Multistate Tax Alert: Multistate Impact of the American Taxpayer Relief Act of 2012
On January 2, 2013, President Barack Obama signed into law the American Taxpayer Relief Act of 2012 (“the Act”). Among the various federal tax law changes contained in the Act are extensions of certain expired or expiring tax provisions, including a retroactive extension of the credit for certain research and experimentation expenses; an extension of 50 percent bonus deprecation for qualified property; a retroactive extension of a cost recovery provision that applies to certain leasehold, restaurant, and retail improvements and restaurant buildings; retroactive extensions of the active financing income exception and the controlled foreign corporation look-through; and a retroactive extension of the capital gain exclusion on Qualified Small Business Stock. Also, the Act provides a temporary election to accelerate some alternative minimum tax credits in lieu of bonus depreciation, increases the maximum amount and phase-out threshold for small business expensing under Internal Revenue Code (“IRC”) Sec. 179, and reduces the holding period for the S-corporation built-in gains tax. These federal law changes may have an effect on state taxes, depending on each state’s adoption of the IRC and each state’s decoupling provisions.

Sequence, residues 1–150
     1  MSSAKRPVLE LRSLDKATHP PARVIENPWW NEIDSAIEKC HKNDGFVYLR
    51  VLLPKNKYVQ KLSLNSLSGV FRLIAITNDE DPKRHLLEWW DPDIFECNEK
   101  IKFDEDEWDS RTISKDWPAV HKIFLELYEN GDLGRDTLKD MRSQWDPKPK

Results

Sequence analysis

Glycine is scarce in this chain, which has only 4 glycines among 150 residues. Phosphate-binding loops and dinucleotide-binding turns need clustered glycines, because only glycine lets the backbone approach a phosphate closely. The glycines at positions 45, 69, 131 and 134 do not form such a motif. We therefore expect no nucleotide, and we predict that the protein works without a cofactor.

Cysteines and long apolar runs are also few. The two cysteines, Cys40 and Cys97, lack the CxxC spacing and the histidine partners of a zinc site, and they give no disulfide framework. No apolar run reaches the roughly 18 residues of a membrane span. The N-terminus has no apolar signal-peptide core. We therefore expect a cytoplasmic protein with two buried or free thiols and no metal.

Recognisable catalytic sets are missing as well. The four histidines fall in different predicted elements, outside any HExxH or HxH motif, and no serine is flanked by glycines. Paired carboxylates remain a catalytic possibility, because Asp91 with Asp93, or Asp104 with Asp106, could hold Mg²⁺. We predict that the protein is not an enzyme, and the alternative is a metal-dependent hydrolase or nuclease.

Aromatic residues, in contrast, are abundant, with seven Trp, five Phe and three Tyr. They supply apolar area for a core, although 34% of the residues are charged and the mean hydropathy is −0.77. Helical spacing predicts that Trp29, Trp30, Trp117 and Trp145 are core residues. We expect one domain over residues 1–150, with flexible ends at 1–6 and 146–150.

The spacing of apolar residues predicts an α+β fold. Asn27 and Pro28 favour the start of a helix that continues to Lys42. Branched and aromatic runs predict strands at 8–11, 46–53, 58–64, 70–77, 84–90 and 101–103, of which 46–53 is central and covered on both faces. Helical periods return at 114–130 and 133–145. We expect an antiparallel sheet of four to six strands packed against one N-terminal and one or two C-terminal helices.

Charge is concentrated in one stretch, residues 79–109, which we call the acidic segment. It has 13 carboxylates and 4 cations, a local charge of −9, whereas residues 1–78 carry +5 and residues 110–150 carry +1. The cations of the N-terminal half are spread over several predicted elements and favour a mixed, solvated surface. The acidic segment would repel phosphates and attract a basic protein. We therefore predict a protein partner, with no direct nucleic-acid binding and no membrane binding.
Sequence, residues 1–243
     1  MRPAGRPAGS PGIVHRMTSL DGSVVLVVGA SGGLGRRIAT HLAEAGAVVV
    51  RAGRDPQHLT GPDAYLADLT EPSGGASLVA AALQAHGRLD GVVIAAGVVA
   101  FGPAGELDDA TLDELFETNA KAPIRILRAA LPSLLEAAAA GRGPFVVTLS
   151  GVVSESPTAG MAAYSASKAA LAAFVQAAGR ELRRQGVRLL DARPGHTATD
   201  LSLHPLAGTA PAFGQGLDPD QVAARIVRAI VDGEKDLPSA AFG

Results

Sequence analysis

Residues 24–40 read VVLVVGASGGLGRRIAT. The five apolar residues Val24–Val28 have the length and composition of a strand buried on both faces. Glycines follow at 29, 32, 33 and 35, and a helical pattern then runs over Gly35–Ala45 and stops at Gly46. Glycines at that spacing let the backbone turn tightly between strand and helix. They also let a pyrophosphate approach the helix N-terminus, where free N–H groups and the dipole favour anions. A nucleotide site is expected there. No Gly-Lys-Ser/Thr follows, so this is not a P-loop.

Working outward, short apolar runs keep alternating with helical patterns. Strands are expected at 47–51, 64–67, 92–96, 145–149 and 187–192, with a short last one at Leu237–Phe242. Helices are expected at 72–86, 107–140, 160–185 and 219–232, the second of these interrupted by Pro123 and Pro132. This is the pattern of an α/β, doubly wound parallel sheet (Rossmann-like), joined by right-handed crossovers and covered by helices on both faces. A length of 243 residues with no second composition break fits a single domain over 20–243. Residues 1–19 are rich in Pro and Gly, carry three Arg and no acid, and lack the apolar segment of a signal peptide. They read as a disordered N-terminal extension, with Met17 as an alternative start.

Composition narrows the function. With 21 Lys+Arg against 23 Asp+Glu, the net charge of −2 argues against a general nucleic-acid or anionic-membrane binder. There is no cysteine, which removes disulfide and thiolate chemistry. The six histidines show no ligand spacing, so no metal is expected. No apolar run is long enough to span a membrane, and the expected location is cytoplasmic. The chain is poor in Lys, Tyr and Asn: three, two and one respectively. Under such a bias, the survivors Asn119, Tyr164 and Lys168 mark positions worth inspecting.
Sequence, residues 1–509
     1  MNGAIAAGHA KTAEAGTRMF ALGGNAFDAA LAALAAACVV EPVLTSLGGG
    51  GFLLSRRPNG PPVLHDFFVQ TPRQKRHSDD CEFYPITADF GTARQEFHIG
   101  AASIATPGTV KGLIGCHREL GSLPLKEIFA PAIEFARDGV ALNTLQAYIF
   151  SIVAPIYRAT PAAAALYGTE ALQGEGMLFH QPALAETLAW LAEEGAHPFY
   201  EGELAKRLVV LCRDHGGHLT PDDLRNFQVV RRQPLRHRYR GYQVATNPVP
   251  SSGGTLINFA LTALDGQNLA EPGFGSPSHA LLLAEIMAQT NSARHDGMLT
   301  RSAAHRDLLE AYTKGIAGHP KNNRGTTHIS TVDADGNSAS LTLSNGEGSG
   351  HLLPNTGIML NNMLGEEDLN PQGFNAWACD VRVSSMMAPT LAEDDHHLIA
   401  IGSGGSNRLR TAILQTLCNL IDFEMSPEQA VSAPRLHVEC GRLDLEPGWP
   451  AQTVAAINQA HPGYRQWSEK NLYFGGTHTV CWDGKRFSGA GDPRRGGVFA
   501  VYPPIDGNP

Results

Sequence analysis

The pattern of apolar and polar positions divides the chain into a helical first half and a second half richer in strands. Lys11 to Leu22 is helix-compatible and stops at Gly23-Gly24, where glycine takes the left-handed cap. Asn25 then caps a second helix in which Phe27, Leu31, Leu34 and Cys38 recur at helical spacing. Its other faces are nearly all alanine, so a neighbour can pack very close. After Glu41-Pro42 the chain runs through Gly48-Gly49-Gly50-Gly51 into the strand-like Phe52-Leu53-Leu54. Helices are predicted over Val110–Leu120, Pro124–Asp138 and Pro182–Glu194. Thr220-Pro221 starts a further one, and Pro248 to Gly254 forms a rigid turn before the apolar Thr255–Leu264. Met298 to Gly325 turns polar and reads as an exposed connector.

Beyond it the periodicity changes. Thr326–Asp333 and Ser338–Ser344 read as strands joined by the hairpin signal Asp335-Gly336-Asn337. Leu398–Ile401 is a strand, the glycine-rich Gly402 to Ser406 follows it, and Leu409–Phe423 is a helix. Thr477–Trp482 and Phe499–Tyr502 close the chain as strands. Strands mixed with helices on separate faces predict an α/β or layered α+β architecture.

In general, states with automatic or “rolling” IRC conformity will adopt the provisions of the Act, unless specific state legislative action is taken to decouple from some or all of the federal law changes. Some states effectively adopt the IRC by referencing federal taxable income as the state income starting point. Although these states do not specifically adopt the IRC in whole or in part, they would generally be viewed as following provisions of the Act that affect federal taxable income. Other states adopt the IRC as of a specific date, do not adopt the IRC provisions in totality, or provide for modifications or exceptions to certain adopted IRC provisions. For these states, further analysis is needed to determine the extent to which certain provisions of the Act are followed.
In the attached Tax Alert we summarize the extent to which California, Florida, Illinois, New York and Texas conform to the federal law changes described above.